A Carnatic music aficionado new to Bengaluru may wonder how to go about attending Carnatic music concerts. In this city, Carnatic music festivals are oriented towards some commonly celebrated Hindu festivals. The concept of a season-specific festival, such as the ‘Margazhi festival’, in Chennai, which always happens from mid-December to January, is not there in Bangalore.
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Different organizations and groups across Bangalore have been organizing music concerts and festivals for a long time now. These past few years have witnessed the likes of well known artistes like Dr. Balamuralikrishna, Sudha Raghunathan, Sanjay Subramaniam, Vishaka Hari, Kadri Gopalnath, Gayathri & Ranjani, T M Krishna, Bombay Jayashree, et cetra performing at various Sabhas of Bangalore in true ‘Katcheri‘ style. Local and upcoming musicians are also provided opportunities in many of these concerts.
Here, we look at some well known festivals in the city, some recently concluded and some upcoming. If you are aware of other such events, please write to us. We will be happy to mention them for the benefit of all readers.
The Sri Rama Lalitha Kala Mandira (Banashankari II Stage) has been responsible for over 1000 concerts being held in Bangalore these past 5 decades. The Sri Rama Lalitha Kala Mandira festival had an excellent collection of concerts from 7th February to 14th February. The venue was the Mangala Mantapa, NMKRV College, Jayanagar.
The Sri Ramakrishna Bhajana Mandali (SRBM) has been organizing concerts, especially during Mahashivarathri, at the Sri Odukkathur Mutt, Ulsoor (close to Ulsoor Lake) for years now. This organisation, says Sundar Mahalingam, who has been involved in it for many years now, was started way back in 1951, with the idea of having nama sankeertanam and bhajan, primarily, on Saturday evenings. "Other sabhas seemed to be celebrating other festivals, but no one was celebrating Shivaratri, so we decided that it would be our focus," he smiles. Today it is a two-week-long festival, encompassing music, dance, harikatha, as well as, the focus of the Mahashivaratri puja lasting all night.
"From that day to this, we have brought music to the listeners without charging them any money for it," says Hari Krishnan, who now organises the concerts with the help of a team of workers, all of whom do it on voluntary basis. "In those days, parking was not a problem!" laughs Mahalingam. Today, one can’t say the same thing! The SRBM Music Festival recently concluded. SRBM also has a regular series to celebrate Thyagaraja Aradhana, in January. "This is a good opportunity to encourage local artistes," says Ramesh.
Some sabhas, including the Indiranagar Sangeetha Sabha celebrate a music series as a tribute to Purandaradasa and Thyagaraja around the 3rd week of January. The BTM Cultural Academy also has an annual series at the Ramana Maharishi Academy for the Blind, JP Nagar 3rd Phase, as well as the Thyagaraja Aradhana series.
Malleswaram Sangeeth Sabha, which has been organising music concerts for 60 years now, has been celebrating its Diamond Jubilee all through the year, and the festivities culminated in a grand finale on 24th February at Chowdiah Memorial Hall.
The Bengaluru Habba, of course, is another celebration (postponed from December of last year) that has just concluded, and was held at various venues around Bangalore, with many music concerts as well as other cultural events.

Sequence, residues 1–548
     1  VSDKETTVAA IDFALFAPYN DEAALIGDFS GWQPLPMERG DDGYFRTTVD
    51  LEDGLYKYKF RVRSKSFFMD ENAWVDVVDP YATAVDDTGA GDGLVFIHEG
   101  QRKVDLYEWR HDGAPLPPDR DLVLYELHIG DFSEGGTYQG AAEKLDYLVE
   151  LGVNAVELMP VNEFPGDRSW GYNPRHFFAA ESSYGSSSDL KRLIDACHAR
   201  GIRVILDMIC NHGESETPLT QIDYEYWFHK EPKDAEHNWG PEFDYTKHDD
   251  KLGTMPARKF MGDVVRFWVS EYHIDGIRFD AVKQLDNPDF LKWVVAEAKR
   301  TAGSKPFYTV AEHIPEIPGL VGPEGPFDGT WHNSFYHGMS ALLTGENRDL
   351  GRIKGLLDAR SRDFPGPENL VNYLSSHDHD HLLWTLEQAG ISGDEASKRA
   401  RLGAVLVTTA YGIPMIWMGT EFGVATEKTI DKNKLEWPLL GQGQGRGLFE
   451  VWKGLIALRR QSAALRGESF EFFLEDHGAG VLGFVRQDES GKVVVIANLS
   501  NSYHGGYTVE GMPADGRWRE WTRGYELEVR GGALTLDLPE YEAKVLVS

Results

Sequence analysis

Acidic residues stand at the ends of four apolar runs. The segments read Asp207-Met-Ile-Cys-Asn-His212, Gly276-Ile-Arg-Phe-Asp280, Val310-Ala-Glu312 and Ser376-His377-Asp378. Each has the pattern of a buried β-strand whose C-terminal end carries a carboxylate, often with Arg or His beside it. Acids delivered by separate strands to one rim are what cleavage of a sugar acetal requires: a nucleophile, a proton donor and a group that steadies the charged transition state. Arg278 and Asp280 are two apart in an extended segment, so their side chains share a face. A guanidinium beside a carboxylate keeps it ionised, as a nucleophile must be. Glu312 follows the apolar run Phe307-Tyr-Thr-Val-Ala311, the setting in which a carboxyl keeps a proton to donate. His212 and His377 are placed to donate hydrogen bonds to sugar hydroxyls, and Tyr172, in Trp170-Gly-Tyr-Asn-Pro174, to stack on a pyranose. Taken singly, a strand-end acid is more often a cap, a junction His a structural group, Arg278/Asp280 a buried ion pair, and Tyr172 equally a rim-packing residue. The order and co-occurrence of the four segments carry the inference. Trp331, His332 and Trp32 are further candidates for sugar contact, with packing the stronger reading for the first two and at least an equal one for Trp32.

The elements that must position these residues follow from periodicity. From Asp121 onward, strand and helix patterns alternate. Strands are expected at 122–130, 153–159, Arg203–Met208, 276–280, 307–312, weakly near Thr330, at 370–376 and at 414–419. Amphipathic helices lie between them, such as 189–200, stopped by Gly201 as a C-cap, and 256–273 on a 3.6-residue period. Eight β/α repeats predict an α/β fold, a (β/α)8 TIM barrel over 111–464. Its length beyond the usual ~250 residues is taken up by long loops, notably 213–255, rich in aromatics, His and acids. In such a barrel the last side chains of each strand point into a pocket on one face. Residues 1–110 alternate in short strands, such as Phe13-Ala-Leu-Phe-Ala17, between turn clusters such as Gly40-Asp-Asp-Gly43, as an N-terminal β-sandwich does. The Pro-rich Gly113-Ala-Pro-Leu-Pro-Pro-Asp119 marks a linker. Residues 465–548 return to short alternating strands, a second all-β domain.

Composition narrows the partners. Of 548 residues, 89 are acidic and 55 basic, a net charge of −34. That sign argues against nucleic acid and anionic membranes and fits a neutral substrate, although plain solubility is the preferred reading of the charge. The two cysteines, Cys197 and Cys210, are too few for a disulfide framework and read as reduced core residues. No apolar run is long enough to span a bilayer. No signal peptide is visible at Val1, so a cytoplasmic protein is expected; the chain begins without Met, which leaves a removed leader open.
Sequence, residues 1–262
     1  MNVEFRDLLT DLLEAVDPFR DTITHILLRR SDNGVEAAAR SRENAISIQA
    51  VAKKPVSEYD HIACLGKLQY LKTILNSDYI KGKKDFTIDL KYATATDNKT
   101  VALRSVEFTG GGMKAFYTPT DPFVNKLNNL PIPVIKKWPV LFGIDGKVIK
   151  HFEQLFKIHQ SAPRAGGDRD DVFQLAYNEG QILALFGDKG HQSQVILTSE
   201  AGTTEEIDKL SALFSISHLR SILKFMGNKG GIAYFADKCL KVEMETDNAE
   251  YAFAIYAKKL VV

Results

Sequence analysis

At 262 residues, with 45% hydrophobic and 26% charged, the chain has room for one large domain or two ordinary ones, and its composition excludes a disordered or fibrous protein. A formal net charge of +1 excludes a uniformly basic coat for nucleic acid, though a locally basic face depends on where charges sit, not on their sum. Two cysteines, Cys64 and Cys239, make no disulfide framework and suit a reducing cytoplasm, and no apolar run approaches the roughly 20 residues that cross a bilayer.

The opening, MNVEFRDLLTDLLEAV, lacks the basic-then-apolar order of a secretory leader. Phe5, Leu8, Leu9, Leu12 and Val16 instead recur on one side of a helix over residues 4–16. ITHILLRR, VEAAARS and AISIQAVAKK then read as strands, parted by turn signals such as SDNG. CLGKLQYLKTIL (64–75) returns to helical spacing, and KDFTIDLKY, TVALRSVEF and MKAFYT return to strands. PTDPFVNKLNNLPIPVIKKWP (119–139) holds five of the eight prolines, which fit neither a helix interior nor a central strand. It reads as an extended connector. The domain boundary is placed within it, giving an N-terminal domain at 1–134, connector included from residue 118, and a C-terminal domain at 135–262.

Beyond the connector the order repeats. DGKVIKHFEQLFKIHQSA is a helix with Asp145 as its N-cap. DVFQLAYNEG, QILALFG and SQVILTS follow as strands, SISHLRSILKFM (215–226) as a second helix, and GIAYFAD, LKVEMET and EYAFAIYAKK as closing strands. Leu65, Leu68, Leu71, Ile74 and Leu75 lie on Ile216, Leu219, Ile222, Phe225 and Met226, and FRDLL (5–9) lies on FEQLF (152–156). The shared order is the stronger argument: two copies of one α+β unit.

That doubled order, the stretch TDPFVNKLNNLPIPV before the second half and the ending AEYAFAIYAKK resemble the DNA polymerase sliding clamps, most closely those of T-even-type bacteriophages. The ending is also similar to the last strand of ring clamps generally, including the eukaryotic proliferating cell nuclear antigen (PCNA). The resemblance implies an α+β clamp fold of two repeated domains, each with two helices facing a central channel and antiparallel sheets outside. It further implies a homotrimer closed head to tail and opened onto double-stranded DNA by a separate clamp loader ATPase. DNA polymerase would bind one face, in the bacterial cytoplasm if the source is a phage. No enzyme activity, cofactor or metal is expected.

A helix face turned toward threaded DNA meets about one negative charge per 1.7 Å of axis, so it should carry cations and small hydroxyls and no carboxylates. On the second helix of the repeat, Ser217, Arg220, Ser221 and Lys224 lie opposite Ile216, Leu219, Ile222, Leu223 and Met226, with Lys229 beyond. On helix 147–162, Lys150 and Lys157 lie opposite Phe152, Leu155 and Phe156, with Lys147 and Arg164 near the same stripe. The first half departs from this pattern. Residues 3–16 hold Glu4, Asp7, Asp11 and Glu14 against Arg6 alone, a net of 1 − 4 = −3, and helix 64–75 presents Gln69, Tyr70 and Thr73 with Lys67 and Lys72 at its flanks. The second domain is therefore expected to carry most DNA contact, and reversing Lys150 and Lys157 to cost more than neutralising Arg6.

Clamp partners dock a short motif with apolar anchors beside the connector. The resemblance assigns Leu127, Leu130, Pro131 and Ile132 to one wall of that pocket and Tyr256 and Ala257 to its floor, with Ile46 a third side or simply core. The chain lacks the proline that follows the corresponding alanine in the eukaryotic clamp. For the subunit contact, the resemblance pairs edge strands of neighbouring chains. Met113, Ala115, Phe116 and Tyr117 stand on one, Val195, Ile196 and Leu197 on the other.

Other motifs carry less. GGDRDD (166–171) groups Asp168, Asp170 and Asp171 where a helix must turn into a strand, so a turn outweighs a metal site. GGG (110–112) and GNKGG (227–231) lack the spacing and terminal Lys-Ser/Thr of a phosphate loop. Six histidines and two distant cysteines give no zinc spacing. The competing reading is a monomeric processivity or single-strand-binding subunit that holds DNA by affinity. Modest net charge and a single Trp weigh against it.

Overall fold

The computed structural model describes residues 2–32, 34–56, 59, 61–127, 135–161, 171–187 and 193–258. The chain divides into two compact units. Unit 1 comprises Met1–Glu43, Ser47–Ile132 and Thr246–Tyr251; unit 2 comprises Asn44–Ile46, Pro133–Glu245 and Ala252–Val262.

The next festival on the calendar will occur around Sri Rama Navami. March end and April will witness concerts and lec-dems by stalwarts in the field of Carnatic music, courtesy Rama Seva Mandali, at the Fort High School, Chamarajpet for about 70 years now. Around the same time, Seshadripuram College would be hosting a music festival organized by the Seetarama Seva Mandali.
Another organisation which has been rendering regular service to music lovers is the Sree Guruvayur Bhajana Samaj (SGBS), and their annual music festival is during Gokulashtami, which occurs around August/September each year. Click here for SGBS website.
SGBS, too, organizes concerts by top artistes, free to the listening public. SGBS interestingly has several wings, including free vocational training and job placement for needy children of this city. "Fund-raising is a major part of our efforts!" says Ramesh, who is one of the Trustees of SGBS.
Mahalingam, who has passed on the baton of SRBM to Hari Krishnan agrees. "The proliferation of music sabhas may be good news for rasikas in Bangalore," he sighs, "but for organisers, it means that the same amount of funds are now distributed across several organisations, and we are feeling the pinch." As Corporate Social Responsibility (CSR) funds shrink and dry up in the heat of the economic recession, funding is a problem which all the sabhas face.
Sundar Mahalingam now concentrates on another music/cultural organisation called Hastiru. Hastiru has also been bringing an annual music festival to the city since 2002; these concerts take place in November every year.
The ‘official’ hub of Carnatic music in Bangalore, the venerable, 104-year-old Bangalore Gayana Samaja, has regular events such as the annual conference of members, musical demonstrations, lectures and concerts. Renowned musicians are honoured with the title Sangeeta Kalarathna during the annual conference. In addition to this, ‘Composer’s Day’ event is organised to pay respects to renowned composers of Carnatic music. The conference generally takes place in August.
This is only a sketchy compilation of the various organisations that conduct music festivals. I found many organizations do not list concert details online. I would request those who know about forthcoming Carnatic music concerts to write in and post the event, so that music lovers of Bangalore can, at the click of their mouse, see where they can attend concerts, at any time!